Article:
Margery Kempe

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Kempe, Margery

(kĕmp), d. 1438 or afterward, English religious writer, b. King's Lynn. She was the wife of a prominent citizen and the mother of 14 children. Her autobiography, The Book of Margery Kempe (complete ed. 1940; ed. with modern spelling 1944), was known only in small excerpts until 1934, when the whole was discovered. She was a religious enthusiast whose loud weeping in church and reproof of her neighbors kept her in public disfavor. She traveled abroad as a pilgrim, and her work has rich details of the everyday life of her time. The narrative is occasionally interrupted with visions, prayers, and meditations, many of them of great beauty. The book may be the earliest autobiography in English. See mysticismmysticism
[Gr.,=the practice of those who are initiated into the mysteries], the practice of putting oneself into, and remaining in, direct relation with God, the Absolute, or any unifying principle of life. Mysticism is inseparably linked with religion.
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See biographies by M. Thornton (1961) and L. Collis (1964); study by R. K. Stone (1970).

References in periodicals archive ?
Margery Kempe (circa 1373-1438) was willful, inner-directed and self-determined--many would say to a fault.
MacDonald vividly brings to life both the world of Medieval England and even more impressively, the heroic Margery Kempe, whose insights and courage speak to the modern world.
The story is based generally on the life of Margery Kempe, a mystic and writer in medieval England.
The Book of Margery Kempe (Kalamazoo, MI: Medieval Institute Press, 1996), ll.
The relationship between this dangerous body and conversely safe soul in The Book of Margery Kempe is most effectively demonstrated in Kempe's search for a renewed virginity.
Adrienne Williams Boyarin's "Sealed Flesh, Book-Skin: How to Read the Female Body in the Early Middle English Seinte Margarete" continues this theme, as do the contributions of Johanne Paquette, who offers a fascinating reading of the Book of Margery Kempe and the marginalia of the text's red ink annotator, and Jonathan Juilfs, who considers the textual transmission of Julian of Norwich's Revelation of Love from the mid-fifteenth century Amherst manuscript through its first printed manifestation in Hugh Cressy's edition of 1670.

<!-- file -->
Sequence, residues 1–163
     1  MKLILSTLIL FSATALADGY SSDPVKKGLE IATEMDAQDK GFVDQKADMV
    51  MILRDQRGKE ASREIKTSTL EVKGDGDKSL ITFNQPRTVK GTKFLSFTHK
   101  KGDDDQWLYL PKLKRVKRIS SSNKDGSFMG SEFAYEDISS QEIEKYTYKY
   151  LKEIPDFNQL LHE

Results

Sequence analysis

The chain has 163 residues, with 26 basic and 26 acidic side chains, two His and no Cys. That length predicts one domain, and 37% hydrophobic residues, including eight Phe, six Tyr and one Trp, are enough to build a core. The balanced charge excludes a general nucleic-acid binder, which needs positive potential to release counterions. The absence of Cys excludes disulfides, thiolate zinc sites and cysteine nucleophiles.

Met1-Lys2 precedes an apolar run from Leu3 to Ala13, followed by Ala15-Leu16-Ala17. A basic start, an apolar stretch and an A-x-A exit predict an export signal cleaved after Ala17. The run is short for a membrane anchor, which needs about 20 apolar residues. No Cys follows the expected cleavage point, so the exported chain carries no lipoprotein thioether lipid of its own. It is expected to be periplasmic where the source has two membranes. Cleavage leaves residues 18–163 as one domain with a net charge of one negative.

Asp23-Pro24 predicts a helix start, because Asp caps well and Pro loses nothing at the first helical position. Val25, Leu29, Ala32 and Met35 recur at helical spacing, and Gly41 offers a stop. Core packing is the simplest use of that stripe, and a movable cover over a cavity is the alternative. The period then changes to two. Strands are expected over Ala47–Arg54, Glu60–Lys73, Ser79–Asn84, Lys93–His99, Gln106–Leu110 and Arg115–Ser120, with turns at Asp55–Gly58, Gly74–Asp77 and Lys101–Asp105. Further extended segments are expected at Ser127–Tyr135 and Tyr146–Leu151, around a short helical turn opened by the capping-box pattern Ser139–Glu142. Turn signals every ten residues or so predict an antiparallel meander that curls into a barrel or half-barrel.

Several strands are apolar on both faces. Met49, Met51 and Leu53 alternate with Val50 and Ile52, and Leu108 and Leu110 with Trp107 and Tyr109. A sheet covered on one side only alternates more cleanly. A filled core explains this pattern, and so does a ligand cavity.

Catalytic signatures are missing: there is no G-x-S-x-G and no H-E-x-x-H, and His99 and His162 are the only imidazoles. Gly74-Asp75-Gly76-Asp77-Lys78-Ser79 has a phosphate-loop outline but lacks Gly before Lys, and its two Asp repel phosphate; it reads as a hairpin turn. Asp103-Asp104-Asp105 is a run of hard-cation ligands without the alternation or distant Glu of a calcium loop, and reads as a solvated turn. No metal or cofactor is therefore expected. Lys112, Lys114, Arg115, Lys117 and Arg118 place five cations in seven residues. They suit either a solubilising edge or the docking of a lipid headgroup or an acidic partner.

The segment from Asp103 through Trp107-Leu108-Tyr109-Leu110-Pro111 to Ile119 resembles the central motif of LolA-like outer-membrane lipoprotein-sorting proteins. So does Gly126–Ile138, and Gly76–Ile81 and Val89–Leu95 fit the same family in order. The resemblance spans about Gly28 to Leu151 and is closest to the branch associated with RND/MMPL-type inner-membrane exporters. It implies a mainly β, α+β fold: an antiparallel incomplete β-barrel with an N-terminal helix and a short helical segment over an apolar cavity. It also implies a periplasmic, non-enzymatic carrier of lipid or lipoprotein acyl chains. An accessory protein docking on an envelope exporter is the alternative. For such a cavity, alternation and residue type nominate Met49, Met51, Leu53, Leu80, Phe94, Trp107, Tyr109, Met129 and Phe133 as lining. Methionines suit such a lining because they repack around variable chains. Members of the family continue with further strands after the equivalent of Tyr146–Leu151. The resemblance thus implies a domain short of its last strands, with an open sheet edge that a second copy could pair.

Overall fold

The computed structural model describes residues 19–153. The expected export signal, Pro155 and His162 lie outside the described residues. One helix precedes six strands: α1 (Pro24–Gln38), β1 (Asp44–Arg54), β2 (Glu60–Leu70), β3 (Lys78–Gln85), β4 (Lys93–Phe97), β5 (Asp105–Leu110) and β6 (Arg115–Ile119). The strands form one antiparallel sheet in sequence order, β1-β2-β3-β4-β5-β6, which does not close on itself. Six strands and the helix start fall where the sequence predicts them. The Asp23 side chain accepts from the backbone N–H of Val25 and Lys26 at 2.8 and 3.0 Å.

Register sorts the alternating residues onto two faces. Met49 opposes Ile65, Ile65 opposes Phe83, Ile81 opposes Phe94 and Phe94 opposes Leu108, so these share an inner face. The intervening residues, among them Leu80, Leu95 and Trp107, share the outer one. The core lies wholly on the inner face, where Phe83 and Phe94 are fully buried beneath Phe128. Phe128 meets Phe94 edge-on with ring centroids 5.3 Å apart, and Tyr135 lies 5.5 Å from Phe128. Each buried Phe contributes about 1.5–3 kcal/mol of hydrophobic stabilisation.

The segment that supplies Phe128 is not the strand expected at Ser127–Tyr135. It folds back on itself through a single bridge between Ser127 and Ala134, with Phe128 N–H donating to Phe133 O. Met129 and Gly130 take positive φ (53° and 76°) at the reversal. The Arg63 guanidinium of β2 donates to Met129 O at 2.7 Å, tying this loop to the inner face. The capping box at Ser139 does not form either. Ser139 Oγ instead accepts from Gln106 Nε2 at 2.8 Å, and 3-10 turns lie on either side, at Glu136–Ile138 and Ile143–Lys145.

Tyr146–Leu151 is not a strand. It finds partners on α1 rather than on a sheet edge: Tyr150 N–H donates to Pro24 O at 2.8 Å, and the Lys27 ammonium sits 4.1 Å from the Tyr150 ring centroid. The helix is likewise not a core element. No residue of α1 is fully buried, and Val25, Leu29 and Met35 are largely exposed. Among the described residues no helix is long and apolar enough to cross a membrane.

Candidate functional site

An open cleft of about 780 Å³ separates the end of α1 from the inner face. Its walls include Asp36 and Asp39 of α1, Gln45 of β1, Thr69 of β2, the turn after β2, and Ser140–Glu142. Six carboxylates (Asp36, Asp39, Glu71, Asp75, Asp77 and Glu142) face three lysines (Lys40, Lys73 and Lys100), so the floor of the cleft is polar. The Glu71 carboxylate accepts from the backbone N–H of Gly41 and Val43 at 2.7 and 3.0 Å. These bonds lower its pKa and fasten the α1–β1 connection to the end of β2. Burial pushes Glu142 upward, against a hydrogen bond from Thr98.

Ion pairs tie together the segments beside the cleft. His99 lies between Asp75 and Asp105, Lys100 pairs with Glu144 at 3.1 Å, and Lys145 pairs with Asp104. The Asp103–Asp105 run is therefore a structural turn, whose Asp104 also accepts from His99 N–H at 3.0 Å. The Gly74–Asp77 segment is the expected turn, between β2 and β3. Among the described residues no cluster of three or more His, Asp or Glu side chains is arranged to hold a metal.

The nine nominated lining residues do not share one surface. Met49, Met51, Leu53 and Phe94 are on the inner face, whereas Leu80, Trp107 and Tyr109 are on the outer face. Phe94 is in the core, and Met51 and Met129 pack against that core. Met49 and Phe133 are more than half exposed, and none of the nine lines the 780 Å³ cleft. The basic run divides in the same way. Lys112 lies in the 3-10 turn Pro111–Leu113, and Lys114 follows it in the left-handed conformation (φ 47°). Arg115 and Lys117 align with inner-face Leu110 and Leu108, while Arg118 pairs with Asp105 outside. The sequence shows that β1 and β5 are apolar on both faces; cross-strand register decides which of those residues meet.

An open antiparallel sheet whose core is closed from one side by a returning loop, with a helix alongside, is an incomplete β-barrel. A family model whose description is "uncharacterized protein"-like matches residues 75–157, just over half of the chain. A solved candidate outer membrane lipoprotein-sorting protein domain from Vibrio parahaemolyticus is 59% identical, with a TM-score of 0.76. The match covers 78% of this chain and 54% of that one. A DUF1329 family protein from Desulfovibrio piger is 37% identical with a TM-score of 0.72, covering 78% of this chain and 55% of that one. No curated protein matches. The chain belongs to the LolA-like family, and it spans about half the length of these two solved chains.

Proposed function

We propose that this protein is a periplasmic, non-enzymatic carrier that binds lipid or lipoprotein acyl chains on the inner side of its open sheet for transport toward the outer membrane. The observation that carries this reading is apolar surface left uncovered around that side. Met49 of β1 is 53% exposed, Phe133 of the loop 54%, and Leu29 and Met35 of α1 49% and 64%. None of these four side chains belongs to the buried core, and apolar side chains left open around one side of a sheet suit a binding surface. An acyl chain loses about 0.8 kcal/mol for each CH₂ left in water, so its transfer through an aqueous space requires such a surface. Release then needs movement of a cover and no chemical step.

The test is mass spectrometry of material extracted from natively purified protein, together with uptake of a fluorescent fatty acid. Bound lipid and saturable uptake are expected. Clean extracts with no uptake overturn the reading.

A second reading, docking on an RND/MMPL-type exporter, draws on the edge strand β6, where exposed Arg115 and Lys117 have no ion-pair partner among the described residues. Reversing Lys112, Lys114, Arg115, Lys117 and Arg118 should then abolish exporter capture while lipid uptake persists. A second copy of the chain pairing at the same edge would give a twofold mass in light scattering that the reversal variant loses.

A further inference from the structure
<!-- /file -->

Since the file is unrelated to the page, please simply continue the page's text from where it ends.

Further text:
WHEN Margery Kempe wrote what is widely considered to be the first autobiography in the English language in the 15th century, it is doubtful she expected female confession to be quite where it is today.
Though Dame Margery Kempe feels the pain of Jesus Christ and the Virgin Mary, she is all but blind to the suffering around her.
Medieval writers, too, engaged in such conferences--particularly, as Cheryl Glenn explains in her examination of the fifteenth-century Book of Margery Kempe, in cases when the "writer" was in fact illiterate.
Knowledge of such theological controversies, Kerby-Fulton tells us, is an essential, yet largely untapped means for contextualizing the writings of authors including William Langland, Geoffrey Chaucer, Margery Kempe, and Julian of Norwich.
As late as the fifteenth century, Margery Kempe was mocked in Germany as a "tailed one" (39-40).
There is an appendix which contains the 'autobiographical' passage from the C-Version (telling us something, perhaps, about the author) and then the usual wealth of 'sources and backgrounds' including relevant passages from the Douai translation of the Bible (the nearest to the Vulgate Langland would have known), extracts from the 'Gospel of Nicodemus', Julian of Norwich, Margery Kempe, the 'Guild Ordinances of St Peter's Church, Cornhill', various literary sources from the period and documents on the politics and history of the fifteenth century.